For this lab activity, start out with these default settings (that is, don't change anything yet). Don't run the model yet, either.

3. Make your own prediction of the daily temperature pattern, given how the sun angle varies.

1. You have been provided with a plot of sun angle (in degrees) vs. time (in hours) for several days starting on May 22 at the latitude of Hanford, CA. On this plot, identify nighttime vs. daytime periods and the times of sunrise, sunset, and (solar) noon.

Based on the sun angle, sketch the pattern of temperature that you would expect to see. [The actual temperatures aren't important here, just the pattern of temperature—that is, the time(s) when the temperature is lowest and highest and what it does in between—relative to the sun angle pattern.]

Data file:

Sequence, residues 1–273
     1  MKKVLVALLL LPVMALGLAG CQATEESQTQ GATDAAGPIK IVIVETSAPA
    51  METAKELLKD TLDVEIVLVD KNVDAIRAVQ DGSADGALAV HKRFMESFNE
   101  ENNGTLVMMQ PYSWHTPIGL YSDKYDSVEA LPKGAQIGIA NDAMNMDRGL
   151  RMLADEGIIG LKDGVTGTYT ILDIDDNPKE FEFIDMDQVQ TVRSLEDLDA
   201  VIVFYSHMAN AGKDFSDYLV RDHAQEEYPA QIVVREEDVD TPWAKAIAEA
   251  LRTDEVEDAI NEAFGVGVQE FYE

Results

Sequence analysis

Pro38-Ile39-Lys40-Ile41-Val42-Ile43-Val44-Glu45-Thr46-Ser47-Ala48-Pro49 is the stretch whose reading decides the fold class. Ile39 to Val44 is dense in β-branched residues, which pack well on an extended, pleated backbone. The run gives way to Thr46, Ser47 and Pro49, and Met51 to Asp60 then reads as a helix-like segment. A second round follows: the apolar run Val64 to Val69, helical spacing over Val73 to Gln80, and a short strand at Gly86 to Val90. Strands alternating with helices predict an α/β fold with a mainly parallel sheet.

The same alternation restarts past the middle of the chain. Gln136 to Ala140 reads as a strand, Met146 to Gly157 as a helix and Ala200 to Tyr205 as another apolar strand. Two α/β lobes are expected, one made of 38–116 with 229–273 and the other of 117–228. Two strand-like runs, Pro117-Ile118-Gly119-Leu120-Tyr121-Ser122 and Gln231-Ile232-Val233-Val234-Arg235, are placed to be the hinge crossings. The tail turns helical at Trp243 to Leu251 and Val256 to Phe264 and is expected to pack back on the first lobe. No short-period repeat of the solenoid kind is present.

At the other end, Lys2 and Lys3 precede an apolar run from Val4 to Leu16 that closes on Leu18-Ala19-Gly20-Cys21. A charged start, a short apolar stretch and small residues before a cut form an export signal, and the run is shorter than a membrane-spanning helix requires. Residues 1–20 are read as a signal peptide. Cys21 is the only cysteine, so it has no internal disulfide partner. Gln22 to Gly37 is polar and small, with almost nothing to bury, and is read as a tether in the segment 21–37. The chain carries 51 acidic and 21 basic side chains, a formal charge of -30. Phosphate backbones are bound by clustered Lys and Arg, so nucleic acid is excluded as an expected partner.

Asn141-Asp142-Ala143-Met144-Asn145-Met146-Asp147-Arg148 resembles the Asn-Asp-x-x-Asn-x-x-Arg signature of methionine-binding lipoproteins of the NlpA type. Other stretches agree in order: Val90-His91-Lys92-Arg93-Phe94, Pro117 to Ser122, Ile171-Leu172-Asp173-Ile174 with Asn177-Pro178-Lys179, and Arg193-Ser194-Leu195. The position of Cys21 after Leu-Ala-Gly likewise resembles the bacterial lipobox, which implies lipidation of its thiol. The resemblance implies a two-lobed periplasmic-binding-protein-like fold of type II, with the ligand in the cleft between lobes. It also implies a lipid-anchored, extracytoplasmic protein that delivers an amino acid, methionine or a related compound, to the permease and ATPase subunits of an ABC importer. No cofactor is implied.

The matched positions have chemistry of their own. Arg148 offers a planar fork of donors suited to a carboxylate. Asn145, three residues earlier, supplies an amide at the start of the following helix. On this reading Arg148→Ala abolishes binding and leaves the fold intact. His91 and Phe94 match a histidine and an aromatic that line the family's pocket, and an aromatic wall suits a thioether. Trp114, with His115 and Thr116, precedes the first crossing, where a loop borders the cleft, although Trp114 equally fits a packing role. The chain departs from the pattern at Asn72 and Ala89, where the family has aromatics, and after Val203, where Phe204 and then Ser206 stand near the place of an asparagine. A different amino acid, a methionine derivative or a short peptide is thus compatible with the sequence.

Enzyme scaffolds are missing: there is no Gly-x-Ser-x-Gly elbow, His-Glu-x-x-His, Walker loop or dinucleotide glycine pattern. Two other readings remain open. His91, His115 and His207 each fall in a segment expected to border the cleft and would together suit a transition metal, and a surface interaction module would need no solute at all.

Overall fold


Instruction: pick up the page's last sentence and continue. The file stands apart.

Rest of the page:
4. Run the model and compare your prediction to the model simulation.

1. Run the model (using the default settings). You should see the same plot of sun angle as in Step C.1 above appear on the first graph (which is Page 1 of three pages of graphs).

2. View the second graph (Page 2). [Click on the lower left-hand corner of the graph, which looks as if the corner has been bent forward slightly.] This graph plots (1) the sun angle (in degrees, the blue line) and (2) temperature (in °F, the red line) simulated by the model.

3. Describe any apparent connections or associations that you can see between temperature (as calculated by the model) and sun angle.